Before you can check the tracking you need to check the steering and front suspension to make sure that they are not worn. Wear in either of these systems will give you a false reading.

Jack up the front of the car and support it on axle stands. Then check the steering and suspension ball joints for wear by rocking the wheels in the 12 and 6 o'clock and 3 and 9 o'clock positions.

- paul-ryan.info Locknut

Release the track-rod end, either by undoing the locknut...

- paul-ryan.info Clamp

... or by undoing the clamp.

- paul-ryan.info

Use a screwdriver to slacken off the rack gaiter's retaining clip.

- paul-ryan.info

Turn each track rod to adjust their length by the same amount.

Follow this by checking the wheel bearings for wear and adjusting them where possible. Finally check that the tyre pressures are all correct. If all these components are in good condition you can proceed to set the tracking.

Check the setting

Bounce the suspension a few times so that it is fully settled. Run the car back about 30ft (10m) in a straight line, then run it forwards, again in a straight line, to where you are going to measure.

Assemble the tracking tool by pushing the two cowhorn arms firmly into each end of the centre section. You have to press in the spring-loaded plastic buttons to get each arm in. The arm with the pointer on should be fitted to the end of the central tube with the markings.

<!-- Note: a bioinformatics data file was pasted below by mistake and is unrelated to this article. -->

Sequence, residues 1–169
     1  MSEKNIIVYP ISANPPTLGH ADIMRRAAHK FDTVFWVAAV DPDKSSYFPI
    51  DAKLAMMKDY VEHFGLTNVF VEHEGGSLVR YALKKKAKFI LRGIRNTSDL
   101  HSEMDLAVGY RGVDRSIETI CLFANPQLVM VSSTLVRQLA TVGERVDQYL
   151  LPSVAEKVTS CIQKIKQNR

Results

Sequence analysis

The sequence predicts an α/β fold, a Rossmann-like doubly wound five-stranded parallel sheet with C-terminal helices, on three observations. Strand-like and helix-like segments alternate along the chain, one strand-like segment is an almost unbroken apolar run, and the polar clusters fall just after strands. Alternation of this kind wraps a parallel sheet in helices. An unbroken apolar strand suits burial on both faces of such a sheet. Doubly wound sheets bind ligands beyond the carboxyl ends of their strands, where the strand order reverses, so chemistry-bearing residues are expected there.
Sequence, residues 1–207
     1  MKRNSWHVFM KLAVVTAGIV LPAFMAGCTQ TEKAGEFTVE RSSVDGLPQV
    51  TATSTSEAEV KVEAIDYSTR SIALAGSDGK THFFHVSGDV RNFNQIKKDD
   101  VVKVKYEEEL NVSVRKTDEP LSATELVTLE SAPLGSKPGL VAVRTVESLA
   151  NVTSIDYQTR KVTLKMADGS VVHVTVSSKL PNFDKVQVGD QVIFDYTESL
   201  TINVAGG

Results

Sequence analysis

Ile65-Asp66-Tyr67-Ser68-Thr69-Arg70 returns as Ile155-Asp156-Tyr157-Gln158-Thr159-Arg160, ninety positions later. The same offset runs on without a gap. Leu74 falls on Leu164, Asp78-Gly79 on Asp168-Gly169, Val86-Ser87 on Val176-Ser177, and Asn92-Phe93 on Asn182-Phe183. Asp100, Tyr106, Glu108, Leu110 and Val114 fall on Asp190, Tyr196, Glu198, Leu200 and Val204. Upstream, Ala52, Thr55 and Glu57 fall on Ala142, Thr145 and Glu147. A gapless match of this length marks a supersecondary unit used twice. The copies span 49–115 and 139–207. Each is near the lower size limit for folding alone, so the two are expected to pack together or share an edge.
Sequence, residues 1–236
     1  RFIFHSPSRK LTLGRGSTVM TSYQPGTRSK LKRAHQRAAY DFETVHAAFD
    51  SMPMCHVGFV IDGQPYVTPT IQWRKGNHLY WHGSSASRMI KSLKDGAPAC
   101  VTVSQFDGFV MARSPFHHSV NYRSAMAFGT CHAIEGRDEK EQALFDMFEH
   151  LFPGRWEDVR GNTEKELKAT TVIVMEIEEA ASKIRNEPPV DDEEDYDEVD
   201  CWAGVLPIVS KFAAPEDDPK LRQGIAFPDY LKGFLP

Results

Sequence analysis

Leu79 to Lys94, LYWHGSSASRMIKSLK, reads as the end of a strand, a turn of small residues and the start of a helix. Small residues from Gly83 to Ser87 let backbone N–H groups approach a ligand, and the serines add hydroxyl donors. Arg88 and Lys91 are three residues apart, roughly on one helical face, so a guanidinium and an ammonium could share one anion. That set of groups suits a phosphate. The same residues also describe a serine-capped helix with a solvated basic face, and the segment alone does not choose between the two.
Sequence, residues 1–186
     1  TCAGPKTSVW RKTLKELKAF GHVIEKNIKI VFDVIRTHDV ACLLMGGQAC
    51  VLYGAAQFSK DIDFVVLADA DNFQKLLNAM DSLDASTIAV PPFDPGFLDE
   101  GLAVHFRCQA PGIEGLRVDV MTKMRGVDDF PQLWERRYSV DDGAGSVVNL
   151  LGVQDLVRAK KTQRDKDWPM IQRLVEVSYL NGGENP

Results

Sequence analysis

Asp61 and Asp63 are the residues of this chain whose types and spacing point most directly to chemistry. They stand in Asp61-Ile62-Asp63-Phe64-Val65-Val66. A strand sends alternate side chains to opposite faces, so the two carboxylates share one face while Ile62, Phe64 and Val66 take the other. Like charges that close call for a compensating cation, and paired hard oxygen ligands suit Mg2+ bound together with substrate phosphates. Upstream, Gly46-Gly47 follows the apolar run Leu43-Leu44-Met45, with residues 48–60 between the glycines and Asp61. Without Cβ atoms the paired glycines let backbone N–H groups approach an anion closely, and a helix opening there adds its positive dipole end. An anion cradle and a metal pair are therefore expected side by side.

If your car has a very wide track, or you are checking the tracking on a van, the short arm without the pointer may not be long enough to do the measurements. A second longer arm is provided for this.

Although you can do the job on your own, it is much easier if you ask a friend to help. Make sure there are no balance weights or buckled rim sections at the centre point of the wheel rim at either the front or rear.

If the wheels have to be set toe-in, position the tool at the front of the wheel rims so that the arms are as near the centre-line of the wheels as possible. Holding it there, press in the plastic button to free the arm without the pointer and slide the arm out until it touches the wheel rim. Then do the same with the pointer arm. There is a slot in the end of each arm that locates on the wheel rim.

Now keeping the tool steady, carefully slide the pointer so that its tip is against the zero setting on the scale. Making sure you don't knock or disturb the arms, move the tool and line it up with the centreline at the rear of the wheel rims. Press the arm without the pointer against one rim, then hold the tool there and press in the plastic button to free the pointer arm and gently slide it out so that the slot fits over the rim.

Remove the tool, again being careful not to knock it, and check the reading on the scale. This is the amount of toe-in. It is a good idea to move the car forward about a foot and repeat the check just in case one wheel rim is slightly buckled at the point you first checked. If the tracking needs adjusting, see the steps above.